It’s been awhile folks since I did a gig review for VultureHound – it’s been busy for me, and rather sadly for gigs. As a rather broke student with an expensive gig habit, I jumped at the chance to head on down to The Garage in Islington to check out what Heavenly Recordings were showcasing as a part of their 25 years celebrations, swapping the cold of my university’s library for the toasty warmth of a moshpit.
Up first are BRITAIN, hot new dream pop band. They’re a bit of an enigma, but evidently the hip bookers and labels around town think they’re something special, because outside of this gig, they’ve recently played at Rough Trade. A rare girl-boy duo, producing a lush shoegaze soundscape which washes over the admittedly rather sparse crowd I suppose it’s what My Bloody Valentine would have sounded like had they only had one guitar, some pre-produced pedals, a really nice synth and drum machine. That sounds like more of a criticism than I really intend it to be, outside of this being a review of a gig, I do wonder when we’re going to stop pretending that all this neu-shoegaze is actually ‘new’. It’s not as groundbreaking as I would have hoped for at a showcase, but there’s no denying that they have some really lovely tracks. The problem is, a duo who are more interested in their instruments and feet are never going to make for a good show. No matter how much I like the music, it’s BORING to watch. Which the 90s shoegaze bands weren’t. This being said they do sound nice.
Then there’s a bit of a break, not too long though since they’re trying to squeeze in four whole bands. I’m too engrossed in conversation to see the next band enter, but I certainly don’t miss the opening notes. There’s something deeply threatening about the heavy, aggressive thrast of raw energy that Heavenly Recs latest signing, Nots, hurl at the crowd. They are an all girl band from Memphis, USA, and they seem to have a lot to yell about. At first, I’m a little skeptical, they continuous yelling is a tad repetitive, and just recently I’ve seen a wave of girl bands around town pulling this jive of rather poorly. But after a couple of tracks I’m somehow sold. They burn into ‘Virgin Mary’ and I’m captivated, mesmerised by the heavy grinding psychedelic throb. Growing ever fast, the sound swirls around, and the vocals start to sound like some sort of primal, tribal chant. And this bands drumming is so tight, combined with its effortlessly mindless guitar noise and spinning organ swirling. I’m pulled in, then viciously spat back out. They are a band striving to prove they don’t care about you, stomping on your neck, with an oppressive thrall of noise.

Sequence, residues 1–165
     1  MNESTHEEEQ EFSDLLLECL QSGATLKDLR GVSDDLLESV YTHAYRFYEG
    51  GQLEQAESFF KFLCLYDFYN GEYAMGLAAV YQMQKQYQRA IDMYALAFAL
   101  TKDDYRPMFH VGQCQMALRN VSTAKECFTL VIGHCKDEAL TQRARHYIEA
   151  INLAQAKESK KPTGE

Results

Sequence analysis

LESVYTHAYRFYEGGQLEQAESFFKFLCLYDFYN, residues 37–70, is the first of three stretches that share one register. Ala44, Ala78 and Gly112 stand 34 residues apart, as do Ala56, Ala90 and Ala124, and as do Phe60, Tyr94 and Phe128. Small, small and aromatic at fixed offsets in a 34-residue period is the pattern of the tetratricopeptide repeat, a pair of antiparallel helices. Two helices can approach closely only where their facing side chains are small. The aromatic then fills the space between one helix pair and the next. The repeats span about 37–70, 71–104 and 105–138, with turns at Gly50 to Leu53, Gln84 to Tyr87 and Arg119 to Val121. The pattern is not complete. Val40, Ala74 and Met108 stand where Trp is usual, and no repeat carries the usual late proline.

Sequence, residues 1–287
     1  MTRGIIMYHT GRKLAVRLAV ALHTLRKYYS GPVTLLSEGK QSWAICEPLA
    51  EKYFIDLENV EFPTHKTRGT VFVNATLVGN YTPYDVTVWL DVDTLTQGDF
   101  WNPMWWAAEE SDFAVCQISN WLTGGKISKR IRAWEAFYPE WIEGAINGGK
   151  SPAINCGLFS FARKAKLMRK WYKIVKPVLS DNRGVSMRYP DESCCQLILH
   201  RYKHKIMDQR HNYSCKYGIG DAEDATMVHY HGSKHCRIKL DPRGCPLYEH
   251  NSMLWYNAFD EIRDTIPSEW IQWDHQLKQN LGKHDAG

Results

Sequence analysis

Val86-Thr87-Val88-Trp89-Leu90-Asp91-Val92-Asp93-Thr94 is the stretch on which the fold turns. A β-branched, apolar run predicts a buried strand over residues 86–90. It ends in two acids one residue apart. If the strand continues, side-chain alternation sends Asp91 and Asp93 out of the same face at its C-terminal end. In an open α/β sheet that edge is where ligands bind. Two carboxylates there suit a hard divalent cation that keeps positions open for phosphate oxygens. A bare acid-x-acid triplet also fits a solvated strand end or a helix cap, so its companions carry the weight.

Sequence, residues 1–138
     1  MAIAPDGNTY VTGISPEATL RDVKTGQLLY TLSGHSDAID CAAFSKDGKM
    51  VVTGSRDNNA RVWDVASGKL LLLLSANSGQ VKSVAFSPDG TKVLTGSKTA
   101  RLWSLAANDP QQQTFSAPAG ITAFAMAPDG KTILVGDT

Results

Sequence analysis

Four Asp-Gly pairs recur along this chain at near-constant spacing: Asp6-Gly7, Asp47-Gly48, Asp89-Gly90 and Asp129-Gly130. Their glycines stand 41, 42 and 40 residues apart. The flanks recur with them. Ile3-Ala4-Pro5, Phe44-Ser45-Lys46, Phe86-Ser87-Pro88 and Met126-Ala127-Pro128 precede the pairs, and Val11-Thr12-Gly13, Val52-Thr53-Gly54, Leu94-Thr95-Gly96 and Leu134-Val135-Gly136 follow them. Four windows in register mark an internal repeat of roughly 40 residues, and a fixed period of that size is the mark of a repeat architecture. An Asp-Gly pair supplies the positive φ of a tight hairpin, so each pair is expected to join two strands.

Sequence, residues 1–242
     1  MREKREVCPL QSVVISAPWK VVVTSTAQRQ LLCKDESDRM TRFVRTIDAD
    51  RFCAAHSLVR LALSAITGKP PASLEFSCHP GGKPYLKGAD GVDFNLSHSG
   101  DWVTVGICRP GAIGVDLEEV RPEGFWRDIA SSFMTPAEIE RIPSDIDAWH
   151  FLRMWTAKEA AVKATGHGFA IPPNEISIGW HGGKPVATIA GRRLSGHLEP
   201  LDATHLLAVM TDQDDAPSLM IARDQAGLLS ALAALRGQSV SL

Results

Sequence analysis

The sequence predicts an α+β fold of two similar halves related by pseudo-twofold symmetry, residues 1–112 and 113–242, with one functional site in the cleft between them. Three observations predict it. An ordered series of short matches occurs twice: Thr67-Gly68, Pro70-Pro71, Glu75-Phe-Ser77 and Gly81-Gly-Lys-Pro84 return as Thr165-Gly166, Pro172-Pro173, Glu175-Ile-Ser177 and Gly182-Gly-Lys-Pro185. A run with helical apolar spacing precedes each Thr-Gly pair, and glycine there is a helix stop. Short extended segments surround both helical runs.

Anyone who knows me well, should know that I am a sucker for a good northern accent. I suspect it’s because I lost mine after I moved as a kid from Wales to the South . Anyway, this isn’t relevant, but I know that generally only my mum and friends read this so I may as well get anecdotal. Hooton Tennis Club caught my attention about a year ago, just before they were signed by Heavenly, with the track ‘Jasper’, which may I add sounds FAB live. They’re probably the least heavy act of the night, but they are the first to play to a pretty much packed room. God bless all ye head-nodders, for giving this reviewer a good indication of how well the band are going down (really quite enthusiastically as well). My pal turns to me, totally fresh to the band, and says they’re like Superfood, and I would generally agree, if not they’re better. They’re really really tight though as a band, and it’s really nice to see a band which has two singers (located on the outside) and the bassist without a mic in the middle. My only criticism is the phony american accent, like what’s up with that mannnnnnnnn ?
Then it’s time for the Wytches. I’ll admit, I’ve seen this band perhaps too many times. I know what to expect, and yup it’s all there. Heavy guitar, TICK. Moshing from the lads, TICK. Shouting/Singing, TICK. Generally a totally awesome gig, TICK TICK TICK. They’re showcasing their most latest tracks, which are even more gloomy than the stuff of their debut. And they seem to have found a keyboardist, which actually makes a really er… ‘pleasant’ addition to the band. It is a tad shocking though that they skip some of their biggest hits in favour of their new, and more obscure stuff. Not that I think that affects the general quality of the gig, but really, it is standard practise to actually play the stuff people know. This doesn’t stop the fans though, who are going full blown crazy. It’s a joy to watch, though I decide to stay out of that. I like to think I’m too grown up for all that, but really it’s more I’m knackered. I leave elated, but pretty ready to get into bed after all that excitement.